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Tuesday, October 5, 2010

Microsoft Publisher 2010

When Microsoft introduced its redesigned Office 2007, the desktop-publishing program Publisher was not included in the package, but the balance has now been restored with Publisher 2010.

The ribbon toolbar introduced in Office 2007 is included here and incorporates not only the menu options of the earlier program, but all the tools in the vertical toolbox that used to sit down the left-hand side of the editing screen. The new positioning takes a bit of getting used to, but once we spent a little time with the 2010 version it became easy enough to use.

As in newer editions of Word, some ribbon tabs only appear in context, so the Drawing, Picture and Word Art ribbons only appear when a relevant object is selected. This is supposed to keep the screen uncluttered, as is the new method of showing frame borders and guidelines only when you move the mouse pointer close to them. More seasoned page designers, who like to see all objects on their pages, may find this annoying.

There are other changes to the way Publisher works. It has improved photo handling and can now crop images to shapes other than rectangles, insert them into a page through drag-and-drop and swap any two photos in one operation.

Multi-page documents used to show a little row of page icons at the bottom of the editing screen so you could switch quickly to any page and move pages and spreads around by dragging. Publisher 2010 has replaced these icons with a column of thumbnails down the left-hand side of the page. These show the contents of the pages, so are easier to recognise, but there is now more scrolling involved when moving around a document.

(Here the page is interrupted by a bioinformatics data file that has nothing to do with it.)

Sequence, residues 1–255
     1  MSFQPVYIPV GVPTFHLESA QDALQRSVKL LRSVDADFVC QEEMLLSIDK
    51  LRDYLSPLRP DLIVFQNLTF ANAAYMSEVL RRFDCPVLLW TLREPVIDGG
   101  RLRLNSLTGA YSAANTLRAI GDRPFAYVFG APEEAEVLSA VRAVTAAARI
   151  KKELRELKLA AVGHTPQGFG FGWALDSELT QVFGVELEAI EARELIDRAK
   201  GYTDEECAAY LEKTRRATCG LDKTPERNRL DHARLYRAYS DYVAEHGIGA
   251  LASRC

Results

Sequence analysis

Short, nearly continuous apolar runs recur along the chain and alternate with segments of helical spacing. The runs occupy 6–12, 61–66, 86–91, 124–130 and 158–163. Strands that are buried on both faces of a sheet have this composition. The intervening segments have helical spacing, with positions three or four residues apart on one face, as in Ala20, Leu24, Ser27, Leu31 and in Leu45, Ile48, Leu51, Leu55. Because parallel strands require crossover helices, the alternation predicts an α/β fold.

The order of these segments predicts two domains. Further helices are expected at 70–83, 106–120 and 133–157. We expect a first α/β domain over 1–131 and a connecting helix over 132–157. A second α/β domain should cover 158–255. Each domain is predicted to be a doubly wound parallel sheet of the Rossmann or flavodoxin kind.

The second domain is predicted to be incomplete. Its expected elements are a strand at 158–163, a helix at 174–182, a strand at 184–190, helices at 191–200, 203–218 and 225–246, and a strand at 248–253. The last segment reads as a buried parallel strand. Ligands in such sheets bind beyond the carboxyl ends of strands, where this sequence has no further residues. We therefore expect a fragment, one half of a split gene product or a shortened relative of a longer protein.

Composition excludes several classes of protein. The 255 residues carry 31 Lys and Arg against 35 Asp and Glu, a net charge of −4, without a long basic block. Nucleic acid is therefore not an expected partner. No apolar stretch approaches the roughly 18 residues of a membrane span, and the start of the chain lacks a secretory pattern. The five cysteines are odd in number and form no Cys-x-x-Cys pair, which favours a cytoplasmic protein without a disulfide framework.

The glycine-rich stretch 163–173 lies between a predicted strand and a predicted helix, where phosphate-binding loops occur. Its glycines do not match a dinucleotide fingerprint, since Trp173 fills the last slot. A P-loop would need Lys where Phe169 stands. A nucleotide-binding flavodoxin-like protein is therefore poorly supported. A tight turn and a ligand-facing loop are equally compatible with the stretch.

The ‘file’ functions such as saving and printing have been gathered together into a separate screen called Backstage View, which automatically shows users a print preview. This is useful, though again is a bit odd at first glance.

As well as supporting desktop printers, Publisher 2010 can prepare documents to print at a bureau or a commercial printer.

Print-on-demand services are becoming more common and more people are now interested in producing their own pamphlets and books. So, this support for professional colour formats and the program's 'pre-flight' checks, which flag up any problems with your design, can save a lot of angst.

Publisher 2010's main competitor in the home is Serif's pageplus X4 , which has better features and is slightly cheaper, but the Microsoft program feels the more able of the two.

If you are used to the way Office programs work, it also fits in better with the rest of the suite.








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